Over the past few years I have taken a liking to buying photography books.
They are not just normal books, they are big, heavy and smell delicious. They are filled with inspiration and I just love owning them.
My most recent purchase is a big orange hardback titled 50 Photo Icons: The Story Behind The Pictures.
The book presents us with in-depth descriptions behind some of the most well known photographs. It concentrates on the most important pictures that have been taken throughout history.
As I have been taught, during my degree, photographs have an interesting way of shaping and sometimes developing the way in which we see the world.
Each chapter focused on a different image, most of which I had seen before, but the book allowed me to view some of the photographs in a different light, due to the description and analyses that accompanied each image. The author uses aesthetic, historical and artistic contexts as a way of delving deeper to reveal the true power behind the image at the time it was taken.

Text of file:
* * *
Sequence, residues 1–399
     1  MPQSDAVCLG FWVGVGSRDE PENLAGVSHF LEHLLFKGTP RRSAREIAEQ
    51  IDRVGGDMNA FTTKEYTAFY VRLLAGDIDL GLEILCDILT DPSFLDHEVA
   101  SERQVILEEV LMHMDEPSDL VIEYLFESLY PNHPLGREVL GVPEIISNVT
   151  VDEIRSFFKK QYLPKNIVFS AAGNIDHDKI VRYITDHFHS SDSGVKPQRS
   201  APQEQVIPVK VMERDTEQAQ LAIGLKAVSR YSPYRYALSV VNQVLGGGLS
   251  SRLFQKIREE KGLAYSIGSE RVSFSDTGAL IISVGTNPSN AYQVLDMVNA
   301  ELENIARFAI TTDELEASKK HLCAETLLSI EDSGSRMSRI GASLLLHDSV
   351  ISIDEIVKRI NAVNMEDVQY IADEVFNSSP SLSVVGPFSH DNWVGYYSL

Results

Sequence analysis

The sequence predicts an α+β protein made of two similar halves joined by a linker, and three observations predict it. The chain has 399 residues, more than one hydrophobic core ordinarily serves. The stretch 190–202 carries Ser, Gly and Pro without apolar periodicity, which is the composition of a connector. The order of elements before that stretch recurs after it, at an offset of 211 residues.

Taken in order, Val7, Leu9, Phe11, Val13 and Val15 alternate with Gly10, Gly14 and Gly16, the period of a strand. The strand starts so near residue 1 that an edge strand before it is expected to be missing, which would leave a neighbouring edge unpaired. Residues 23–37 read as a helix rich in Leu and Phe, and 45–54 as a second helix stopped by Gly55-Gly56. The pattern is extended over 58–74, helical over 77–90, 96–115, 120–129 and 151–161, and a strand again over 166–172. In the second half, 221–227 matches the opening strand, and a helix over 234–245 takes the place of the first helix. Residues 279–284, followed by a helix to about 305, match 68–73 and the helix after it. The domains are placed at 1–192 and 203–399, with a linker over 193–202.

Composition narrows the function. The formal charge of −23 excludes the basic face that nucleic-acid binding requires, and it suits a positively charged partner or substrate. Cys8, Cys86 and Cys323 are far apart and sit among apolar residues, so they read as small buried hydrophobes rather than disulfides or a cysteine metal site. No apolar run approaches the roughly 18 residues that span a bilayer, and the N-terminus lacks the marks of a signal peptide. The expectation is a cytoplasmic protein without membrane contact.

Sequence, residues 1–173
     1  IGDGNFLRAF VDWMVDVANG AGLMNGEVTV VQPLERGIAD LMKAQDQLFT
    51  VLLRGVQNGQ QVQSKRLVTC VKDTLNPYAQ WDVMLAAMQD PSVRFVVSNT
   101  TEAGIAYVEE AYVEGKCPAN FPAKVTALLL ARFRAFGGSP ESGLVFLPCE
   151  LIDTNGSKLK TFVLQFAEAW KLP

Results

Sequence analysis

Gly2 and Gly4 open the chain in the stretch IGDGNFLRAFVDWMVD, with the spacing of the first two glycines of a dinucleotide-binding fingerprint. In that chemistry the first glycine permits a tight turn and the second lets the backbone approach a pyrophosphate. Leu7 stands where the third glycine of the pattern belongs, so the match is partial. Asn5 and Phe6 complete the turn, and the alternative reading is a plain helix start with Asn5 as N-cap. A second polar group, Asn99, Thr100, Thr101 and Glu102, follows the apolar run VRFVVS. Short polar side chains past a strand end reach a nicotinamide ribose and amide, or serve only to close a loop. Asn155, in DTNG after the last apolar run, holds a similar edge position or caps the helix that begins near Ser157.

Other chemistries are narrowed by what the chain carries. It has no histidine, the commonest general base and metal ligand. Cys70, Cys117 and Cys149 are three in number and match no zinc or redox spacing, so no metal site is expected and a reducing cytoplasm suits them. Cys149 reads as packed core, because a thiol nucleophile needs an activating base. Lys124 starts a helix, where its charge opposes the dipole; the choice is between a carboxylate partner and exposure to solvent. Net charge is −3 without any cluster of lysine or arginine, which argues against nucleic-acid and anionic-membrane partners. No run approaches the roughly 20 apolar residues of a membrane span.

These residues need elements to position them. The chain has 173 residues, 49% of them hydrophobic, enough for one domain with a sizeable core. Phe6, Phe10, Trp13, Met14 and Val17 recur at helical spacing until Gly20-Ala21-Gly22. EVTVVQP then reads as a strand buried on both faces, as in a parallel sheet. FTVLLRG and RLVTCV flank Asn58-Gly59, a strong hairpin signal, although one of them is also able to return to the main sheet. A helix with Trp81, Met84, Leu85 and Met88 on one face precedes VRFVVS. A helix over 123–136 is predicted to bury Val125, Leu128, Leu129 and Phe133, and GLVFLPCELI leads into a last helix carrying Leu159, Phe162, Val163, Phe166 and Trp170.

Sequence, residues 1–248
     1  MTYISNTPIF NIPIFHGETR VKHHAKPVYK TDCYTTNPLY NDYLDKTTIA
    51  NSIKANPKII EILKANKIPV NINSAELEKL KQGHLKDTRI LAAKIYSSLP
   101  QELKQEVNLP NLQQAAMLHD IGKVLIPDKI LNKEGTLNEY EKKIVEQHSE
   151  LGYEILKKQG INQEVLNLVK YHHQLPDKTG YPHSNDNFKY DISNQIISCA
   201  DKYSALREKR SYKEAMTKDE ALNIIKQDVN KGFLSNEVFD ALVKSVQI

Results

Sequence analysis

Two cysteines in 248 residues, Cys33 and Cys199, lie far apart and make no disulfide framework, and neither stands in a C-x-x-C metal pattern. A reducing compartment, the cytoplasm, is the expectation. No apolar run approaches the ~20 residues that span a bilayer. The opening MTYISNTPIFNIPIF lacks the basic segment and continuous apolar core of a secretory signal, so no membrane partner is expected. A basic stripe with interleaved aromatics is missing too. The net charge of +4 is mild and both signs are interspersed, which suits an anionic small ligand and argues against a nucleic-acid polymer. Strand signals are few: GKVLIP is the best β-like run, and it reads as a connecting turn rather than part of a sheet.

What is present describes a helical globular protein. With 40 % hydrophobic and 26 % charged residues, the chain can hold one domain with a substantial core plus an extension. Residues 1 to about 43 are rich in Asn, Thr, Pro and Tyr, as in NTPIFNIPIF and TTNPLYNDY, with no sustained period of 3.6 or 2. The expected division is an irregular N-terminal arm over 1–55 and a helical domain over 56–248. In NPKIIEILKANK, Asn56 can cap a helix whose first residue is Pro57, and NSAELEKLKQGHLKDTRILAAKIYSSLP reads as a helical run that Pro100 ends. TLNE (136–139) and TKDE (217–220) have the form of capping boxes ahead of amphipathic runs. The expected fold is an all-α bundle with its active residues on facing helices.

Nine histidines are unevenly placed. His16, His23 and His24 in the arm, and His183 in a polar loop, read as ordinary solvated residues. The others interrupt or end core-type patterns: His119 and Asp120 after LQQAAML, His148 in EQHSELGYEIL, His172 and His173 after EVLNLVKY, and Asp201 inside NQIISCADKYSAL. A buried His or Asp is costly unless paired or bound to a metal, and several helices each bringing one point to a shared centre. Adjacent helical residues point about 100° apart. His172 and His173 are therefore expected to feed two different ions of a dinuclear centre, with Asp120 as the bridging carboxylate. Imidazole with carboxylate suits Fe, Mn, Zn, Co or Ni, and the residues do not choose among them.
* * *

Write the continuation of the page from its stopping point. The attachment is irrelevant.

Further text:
Naturally, the book begins with the very first permanent photographs by Nicephore Niepce and Louis Daguerre. In 1827 Niepce produced an eight-hour-exposure of a rooftop and in 1839 Daguerre became famous for his street scene.
The book then continues its journey throughout history, stopping at very significant landmarks such as the avant-garde photography in the 1920s, Robert Capa’s ‘The Fallen Solider’ (1936), Alfred Eisenstaedt, ‘A Stolen Kiss’ (1945), to more recent images by Martin Parr.
I absolutely love this book and I cannot wait to have my own house so that I can proudly display all my photography books on a shelf in my lounge or study (at the moment they are stuffed on top of my bookcase because they are too big to fit on the shelves).
I am currently saving for my next purchase, ‘the eye of eisendstaedt’ which features the work of Alfred Eisenstaedt.